Filmmaker: Brighton on-screen, at least for me, is strongly defined by Brighton Rock and Quadrophenia. How did you approach shooting it and did you try to avoid those kinds of connotations?

Forsyth & Pollard: We tried to focus on the Brighton we’d encountered through Nick’s eyes, rather than through cinema. Nick’s relationship to Brighton is quite particular, and unusual. We tried to use the place as another part of the story, we didn’t want to treat Brighton as simply as a “character” in the film, but we were incredibly aware of its rich cinematic history, and there was certainly a desire to try to stand to the side of that. We filmed mostly on the outskirts, the periphery, so you don’t really see the Brighton of, say, Quadrophenia.

Filmmaker: Many filmmakers tend to loath car mounts, but your film depends on them quite heavily. Did you find any way to streamline the process?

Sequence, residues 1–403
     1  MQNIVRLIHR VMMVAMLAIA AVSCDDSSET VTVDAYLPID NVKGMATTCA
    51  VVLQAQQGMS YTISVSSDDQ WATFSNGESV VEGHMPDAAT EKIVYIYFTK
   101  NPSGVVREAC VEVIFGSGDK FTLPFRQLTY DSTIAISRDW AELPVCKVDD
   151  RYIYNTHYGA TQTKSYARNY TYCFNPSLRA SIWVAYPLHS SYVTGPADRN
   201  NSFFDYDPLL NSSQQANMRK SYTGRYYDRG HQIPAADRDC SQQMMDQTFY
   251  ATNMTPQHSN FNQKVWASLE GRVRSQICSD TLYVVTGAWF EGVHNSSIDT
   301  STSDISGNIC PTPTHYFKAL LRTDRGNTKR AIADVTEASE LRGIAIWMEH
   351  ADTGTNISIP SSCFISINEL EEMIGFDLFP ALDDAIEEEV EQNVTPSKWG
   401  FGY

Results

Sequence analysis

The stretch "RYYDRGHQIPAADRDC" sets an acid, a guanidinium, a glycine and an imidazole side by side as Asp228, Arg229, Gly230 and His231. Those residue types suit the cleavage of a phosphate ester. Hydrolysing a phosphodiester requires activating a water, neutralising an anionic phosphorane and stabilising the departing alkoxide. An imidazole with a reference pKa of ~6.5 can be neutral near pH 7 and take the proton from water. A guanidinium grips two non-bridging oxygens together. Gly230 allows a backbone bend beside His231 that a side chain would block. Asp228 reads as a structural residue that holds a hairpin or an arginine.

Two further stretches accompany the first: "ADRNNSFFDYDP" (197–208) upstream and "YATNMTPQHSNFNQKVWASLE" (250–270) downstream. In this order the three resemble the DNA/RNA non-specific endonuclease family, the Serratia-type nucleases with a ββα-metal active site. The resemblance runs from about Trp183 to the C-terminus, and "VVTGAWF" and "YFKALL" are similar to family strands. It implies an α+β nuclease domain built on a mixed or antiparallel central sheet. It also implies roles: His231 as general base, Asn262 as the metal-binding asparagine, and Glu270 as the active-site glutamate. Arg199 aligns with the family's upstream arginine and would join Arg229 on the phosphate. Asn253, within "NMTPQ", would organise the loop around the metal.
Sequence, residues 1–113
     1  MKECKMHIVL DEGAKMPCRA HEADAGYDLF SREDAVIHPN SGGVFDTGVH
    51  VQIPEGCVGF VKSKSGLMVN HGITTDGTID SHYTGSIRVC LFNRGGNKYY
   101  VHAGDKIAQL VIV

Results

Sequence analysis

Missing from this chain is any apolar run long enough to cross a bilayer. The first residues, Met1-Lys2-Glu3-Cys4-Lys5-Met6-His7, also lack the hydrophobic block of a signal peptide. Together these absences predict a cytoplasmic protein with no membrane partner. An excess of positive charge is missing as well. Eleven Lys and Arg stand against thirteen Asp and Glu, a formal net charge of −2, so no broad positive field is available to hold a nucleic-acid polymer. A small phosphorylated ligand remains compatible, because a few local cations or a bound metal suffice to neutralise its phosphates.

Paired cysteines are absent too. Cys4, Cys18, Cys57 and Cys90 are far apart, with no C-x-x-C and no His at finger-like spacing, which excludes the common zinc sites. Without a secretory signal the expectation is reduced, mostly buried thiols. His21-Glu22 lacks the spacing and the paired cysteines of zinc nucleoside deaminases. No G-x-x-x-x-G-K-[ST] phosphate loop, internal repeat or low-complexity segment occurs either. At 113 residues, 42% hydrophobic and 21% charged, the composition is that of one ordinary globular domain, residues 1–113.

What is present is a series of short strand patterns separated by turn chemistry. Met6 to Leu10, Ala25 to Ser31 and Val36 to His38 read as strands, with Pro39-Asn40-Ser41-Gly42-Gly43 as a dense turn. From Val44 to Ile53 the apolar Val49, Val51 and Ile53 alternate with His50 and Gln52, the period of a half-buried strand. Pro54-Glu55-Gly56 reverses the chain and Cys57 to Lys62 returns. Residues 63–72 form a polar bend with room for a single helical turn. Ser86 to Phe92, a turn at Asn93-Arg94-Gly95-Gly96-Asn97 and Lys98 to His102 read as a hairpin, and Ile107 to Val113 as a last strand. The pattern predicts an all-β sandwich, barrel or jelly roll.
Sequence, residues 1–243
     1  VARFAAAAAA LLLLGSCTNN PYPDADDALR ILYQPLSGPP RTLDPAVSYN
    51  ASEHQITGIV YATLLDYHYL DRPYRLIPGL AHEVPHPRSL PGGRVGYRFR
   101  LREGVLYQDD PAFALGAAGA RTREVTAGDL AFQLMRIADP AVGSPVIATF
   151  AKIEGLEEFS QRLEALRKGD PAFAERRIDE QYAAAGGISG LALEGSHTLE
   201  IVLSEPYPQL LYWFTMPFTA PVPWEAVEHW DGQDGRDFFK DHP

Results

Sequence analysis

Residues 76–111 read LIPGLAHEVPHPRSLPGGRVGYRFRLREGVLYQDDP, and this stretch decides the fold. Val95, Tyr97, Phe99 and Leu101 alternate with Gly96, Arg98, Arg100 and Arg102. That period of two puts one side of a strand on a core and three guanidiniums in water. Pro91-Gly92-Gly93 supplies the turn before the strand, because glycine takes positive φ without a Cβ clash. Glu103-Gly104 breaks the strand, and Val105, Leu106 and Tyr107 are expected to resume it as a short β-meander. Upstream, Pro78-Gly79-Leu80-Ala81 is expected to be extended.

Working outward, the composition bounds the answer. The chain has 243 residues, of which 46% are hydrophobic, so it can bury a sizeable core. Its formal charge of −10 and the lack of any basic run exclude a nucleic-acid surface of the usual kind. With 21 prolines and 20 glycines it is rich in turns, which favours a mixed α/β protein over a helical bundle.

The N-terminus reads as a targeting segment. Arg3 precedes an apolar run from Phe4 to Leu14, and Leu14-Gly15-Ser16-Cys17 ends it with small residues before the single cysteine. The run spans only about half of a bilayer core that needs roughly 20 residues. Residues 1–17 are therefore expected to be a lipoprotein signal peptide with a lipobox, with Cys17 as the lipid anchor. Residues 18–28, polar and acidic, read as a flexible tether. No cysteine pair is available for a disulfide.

Forsyth & Pollard: Much as we tried, we definitely didn’t find a way to make the process easy! They were especially challenging because we were very aware that we would have incredibly short periods of time in which we could actually keep the “cast” in the present moment. For each scene we devised a route of no more than ten minutes, and we planned to do two takes. So we effectively had twenty minutes to nail each of the scenes with Ray Winstone, Blixa Bargeld and Kylie Minogue. That was terrifying! Also, the weather in Brighton is an enormous challenge to shooting outdoors. It changes constantly, so it’s inevitable that at some point while you’re filming the rain will come. That meant we spent a stupid amount of time shooting with artificial rain so that shots would match. The weather in Brighton is a total headache; it made everything technically so challenging. The night we shot with Kylie, the moment we got her and Nick into the car we had storms so vicious you couldn’t even see through the windows. No, we definitely didn’t find a way to make the process easy!